On August 18, 1920, Tennessee narrowly ratified the 19th Amendment, making it the law throughout the United States, but the right to vote was not obtained without a major grassroots effort by …
On August 18, 1920, Tennessee narrowly ratified the 19th Amendment, making it the law throughout the United States, but the right to vote was not obtained without a major grassroots effort by thousands of women in small towns all across America.
“New York State was key to the national movement for women's suffrage” according to the New York State Women's History website. “From Seneca Falls to New York City's Lower East Side, from Buffalo to Brooklyn, from Canton to Cattaraugus, people in New York State were leaders in the woman suffrage movement from 1848 until 1917 when suffrage was legalized in New York State and on to 1920 when the federal government passed the 19th amendment.”
Sullivan County was no different, and women such as Elizabeth Worth Muller of Monticello and Mrs. C.W Montgomery of Wurtsboro led the way.
In 1913, Mrs. Muller and her two daughters led a small contingent of horseback riding crusaders on a tour of Sullivan County designed to convert local residents to the suffragist's cause.
“Thousands of summer boarders greeted the tired suffragette hikers on their tour from Monticello to Liberty today,” the New York Times reported on August 16. “At Monticello the misses (Alma and Phyllis) Muller were added and they were so very much excited that they at once hired horses and accompanied the hikers to Liberty, where the six crusaders were cheered by thousands of summer visitors along the way to the hotel, where the ladies will spend the night.
The following summer, Mrs. Muller hired an ox-drawn wagon to help bring attention to her fight for the vote. The Times noted on July 3, that the oxen would “draw the women and a camper's outfit from place to place. When they come to a desirable place to stop, the women will pitch their tents and do battle for their cause as long as there is an enemy in sight, and then move on to conquer other fields.”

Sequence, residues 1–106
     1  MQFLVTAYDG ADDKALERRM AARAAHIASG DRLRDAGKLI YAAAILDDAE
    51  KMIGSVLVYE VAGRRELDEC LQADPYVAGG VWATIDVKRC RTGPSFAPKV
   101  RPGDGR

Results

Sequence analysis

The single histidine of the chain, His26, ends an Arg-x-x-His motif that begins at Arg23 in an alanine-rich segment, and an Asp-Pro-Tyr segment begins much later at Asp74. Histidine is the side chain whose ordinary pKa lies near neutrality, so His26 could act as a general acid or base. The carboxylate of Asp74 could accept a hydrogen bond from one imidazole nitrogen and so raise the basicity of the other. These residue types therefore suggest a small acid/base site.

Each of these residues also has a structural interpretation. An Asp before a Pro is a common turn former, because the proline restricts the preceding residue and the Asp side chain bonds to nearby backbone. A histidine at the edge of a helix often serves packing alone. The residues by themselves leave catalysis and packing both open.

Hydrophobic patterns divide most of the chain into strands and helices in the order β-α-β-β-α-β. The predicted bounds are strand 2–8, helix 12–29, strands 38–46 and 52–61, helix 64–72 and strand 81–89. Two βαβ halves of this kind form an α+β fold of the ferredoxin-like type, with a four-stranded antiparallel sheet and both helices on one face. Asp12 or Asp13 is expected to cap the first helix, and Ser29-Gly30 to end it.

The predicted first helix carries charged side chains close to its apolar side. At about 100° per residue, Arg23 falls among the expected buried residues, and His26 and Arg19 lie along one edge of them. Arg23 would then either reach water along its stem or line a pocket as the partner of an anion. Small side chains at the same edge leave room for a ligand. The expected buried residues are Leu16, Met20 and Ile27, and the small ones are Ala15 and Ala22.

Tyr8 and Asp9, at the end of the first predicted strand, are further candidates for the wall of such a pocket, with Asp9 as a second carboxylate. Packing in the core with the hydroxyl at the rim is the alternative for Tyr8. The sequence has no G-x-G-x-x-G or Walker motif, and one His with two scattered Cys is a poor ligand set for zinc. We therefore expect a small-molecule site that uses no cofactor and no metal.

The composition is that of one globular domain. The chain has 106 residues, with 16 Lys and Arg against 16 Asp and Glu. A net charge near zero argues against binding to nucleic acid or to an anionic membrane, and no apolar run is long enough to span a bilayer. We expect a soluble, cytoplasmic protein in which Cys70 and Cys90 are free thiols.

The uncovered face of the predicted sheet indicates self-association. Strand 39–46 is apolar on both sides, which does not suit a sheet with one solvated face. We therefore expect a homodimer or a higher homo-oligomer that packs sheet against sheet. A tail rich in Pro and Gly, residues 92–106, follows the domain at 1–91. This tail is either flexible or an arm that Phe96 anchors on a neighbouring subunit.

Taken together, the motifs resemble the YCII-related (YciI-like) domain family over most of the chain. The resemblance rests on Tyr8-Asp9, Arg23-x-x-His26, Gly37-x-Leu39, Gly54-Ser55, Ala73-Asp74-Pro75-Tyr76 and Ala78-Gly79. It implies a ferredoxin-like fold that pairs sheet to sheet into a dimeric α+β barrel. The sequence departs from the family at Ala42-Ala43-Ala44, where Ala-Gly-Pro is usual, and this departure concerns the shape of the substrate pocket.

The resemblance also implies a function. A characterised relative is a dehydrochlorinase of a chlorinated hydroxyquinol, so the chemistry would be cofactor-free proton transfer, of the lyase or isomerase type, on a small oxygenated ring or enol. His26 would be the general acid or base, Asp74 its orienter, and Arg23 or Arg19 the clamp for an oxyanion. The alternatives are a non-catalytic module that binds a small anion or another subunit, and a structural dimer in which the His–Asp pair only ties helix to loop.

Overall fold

Mrs. Montgomery and others took up the crusade in ensuing years, and Sullivan County remained an active beach head in the fight for the vote.
In August of 1917, one of the nation's leading spokeswomen in the suffrage movement came to the county to an enthusiastic reception. Margaret Foley addressed meetings at North Branch, Jeffersonville and Callicoon, drawing large crowds each time.
“Miss Margret Foley is well known all over the country as a suffrage speaker, being a unique figure in the woman suffrage movement of America” the Sullivan County Record reported in its August 2, 1917 edition. “'There is only one Margaret Foley,' her friends say. She is logical, forceful and witty, and her remarkable carrying voice, according to those who have heard her, holds her audience in rapt interest to the last word.”
Miss Foley's speech was entitled, “Patriotism and Suffrage.”
In October of 1917, when 50,000 women paraded in New York City in support of suffrage, more than 6,500 Sullivan County women signed supporting petitions.
“Mrs. C.W. Montgomery, suffrage leader for this district, announced that the work of pasting the individual signatures from this county on beaver boards is now being carried out in New York,” the Record noted on October 25, 1917, two days before the parade. “When these boards are completed, the voters of New York State will have the opportunity of seeing the actual names of 1,012,407 women in the Empire State who are petitioning for a voice in the affairs of their own government.”
The suffrage movement here in Sullivan County and some of the many women who led the effort will be the subject of a special presentation by the Sullivan County Historian for the Time and the Valleys Museum in Grahamsville via ZOOM at 2 p.m. on Sunday, August 23. Contact the Museum for information on how to participate.
John Conway is the Sullivan County Historian. E-mail him at firstname.lastname@example.org.
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